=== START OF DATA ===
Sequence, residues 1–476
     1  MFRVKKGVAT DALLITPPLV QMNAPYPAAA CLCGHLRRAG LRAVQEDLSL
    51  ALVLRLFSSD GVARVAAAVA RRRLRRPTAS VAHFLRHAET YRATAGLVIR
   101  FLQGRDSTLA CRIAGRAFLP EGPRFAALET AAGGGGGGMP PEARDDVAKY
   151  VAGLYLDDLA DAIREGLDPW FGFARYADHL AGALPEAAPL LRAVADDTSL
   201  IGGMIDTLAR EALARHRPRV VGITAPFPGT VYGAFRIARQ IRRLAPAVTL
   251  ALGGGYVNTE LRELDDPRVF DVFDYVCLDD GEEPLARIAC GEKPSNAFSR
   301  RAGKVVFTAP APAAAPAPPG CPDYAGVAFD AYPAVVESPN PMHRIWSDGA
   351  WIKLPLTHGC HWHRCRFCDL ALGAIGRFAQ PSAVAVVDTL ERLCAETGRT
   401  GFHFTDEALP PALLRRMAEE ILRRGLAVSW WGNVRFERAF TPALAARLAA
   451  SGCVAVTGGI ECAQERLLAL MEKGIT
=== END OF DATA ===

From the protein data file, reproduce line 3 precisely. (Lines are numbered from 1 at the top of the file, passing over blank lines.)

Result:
    51  ALVLRLFSSD GVARVAAAVA RRRLRRPTAS VAHFLRHAET YRATAGLVIR